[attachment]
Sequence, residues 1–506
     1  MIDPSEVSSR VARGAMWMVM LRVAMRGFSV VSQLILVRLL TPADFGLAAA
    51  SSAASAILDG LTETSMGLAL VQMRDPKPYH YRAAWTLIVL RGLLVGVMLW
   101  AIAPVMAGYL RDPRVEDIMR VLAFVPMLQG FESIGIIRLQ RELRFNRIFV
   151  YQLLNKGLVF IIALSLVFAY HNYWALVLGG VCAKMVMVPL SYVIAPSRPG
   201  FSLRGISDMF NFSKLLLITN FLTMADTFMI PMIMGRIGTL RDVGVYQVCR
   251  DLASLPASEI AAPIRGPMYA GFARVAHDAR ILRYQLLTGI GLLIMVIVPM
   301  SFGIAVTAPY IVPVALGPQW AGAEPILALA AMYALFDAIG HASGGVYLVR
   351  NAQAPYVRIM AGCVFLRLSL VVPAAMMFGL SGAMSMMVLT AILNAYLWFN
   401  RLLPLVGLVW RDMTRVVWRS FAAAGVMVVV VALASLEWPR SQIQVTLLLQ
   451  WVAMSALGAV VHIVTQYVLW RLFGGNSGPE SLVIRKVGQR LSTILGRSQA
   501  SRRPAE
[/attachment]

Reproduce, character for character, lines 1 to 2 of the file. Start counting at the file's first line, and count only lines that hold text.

Sequence, residues 1–506
     1  MIDPSEVSSR VARGAMWMVM LRVAMRGFSV VSQLILVRLL TPADFGLAAA